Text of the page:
3M CHARLES STEWART PARNELL [1891
of those men got in in this way.' I said : < Still you are responsible. All these men owe their political existence to you.' * I admit my responsibility. I am telling you what was the practice. I did not build up a party of personal adherents. I took the nominees of others/ he rejoined. c I do not say I was blameless. I have never said it. But was I to have no rest, was I to be always on the watch ?' I broke in : 'A dictator can have no rest, he must be always on the watch/ Without heeding the interruption, he went on, as was his wont, to finish his own train of thought: ' Was no allowance to be made for me ? I can assure you I am a man always ready to make allowances for everyone.' He then shook the ashes from his cigar, stood up, and without another word walked out on the Terrace.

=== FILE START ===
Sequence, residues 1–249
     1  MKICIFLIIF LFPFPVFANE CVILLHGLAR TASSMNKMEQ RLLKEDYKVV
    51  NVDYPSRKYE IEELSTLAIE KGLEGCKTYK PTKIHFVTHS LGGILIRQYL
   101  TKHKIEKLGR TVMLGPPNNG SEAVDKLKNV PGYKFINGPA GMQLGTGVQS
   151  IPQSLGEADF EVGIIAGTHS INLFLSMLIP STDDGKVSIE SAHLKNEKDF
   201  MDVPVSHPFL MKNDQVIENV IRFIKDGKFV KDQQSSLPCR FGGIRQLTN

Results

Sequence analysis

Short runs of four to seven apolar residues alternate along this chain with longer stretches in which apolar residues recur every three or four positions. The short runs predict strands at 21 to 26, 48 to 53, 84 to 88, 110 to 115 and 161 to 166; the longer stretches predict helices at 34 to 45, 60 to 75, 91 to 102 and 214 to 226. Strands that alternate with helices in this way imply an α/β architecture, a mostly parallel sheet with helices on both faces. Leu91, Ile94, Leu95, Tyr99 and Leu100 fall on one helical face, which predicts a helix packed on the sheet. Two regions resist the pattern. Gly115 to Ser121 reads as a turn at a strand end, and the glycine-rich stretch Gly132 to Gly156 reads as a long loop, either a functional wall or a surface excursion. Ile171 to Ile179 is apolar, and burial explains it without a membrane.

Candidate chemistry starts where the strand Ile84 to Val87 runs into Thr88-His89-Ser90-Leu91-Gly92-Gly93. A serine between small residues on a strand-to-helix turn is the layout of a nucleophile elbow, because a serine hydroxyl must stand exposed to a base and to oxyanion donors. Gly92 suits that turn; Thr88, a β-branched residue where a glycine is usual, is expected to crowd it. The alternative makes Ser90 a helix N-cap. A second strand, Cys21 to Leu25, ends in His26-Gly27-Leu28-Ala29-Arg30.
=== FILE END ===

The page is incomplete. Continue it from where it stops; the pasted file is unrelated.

Parnell was right. There was no man more ready to make allowances, no man more ready to forgive and to forget. A member of the party had (in the days before the split) grossly insulted him. This individual was subsequently driven out of the National ranks, though not for this reason, but for his Whig leanings. Afterwards it was suggested that he should be brought back. Parnell at once accepted the suggestion. 'Parnell was quite willing,' this ex-M.P. said to me, ' to take me back, but Healy and Dillon objected, and the matter was let drop.' During the Special Commission it was suggested that Mr. Healy (for whom Parnell could have had no love after the Galway election) should hold a brief. Parnell consented at once. But Davitt strongly objected, and the suggestion was not, therefore, carried out. ' Healy/ said an old Fenian to Parnell, ' seems to have the best political head of all these people.' * He has the only political head among them/ rejoined Parnell.arn say he pratty speeches, and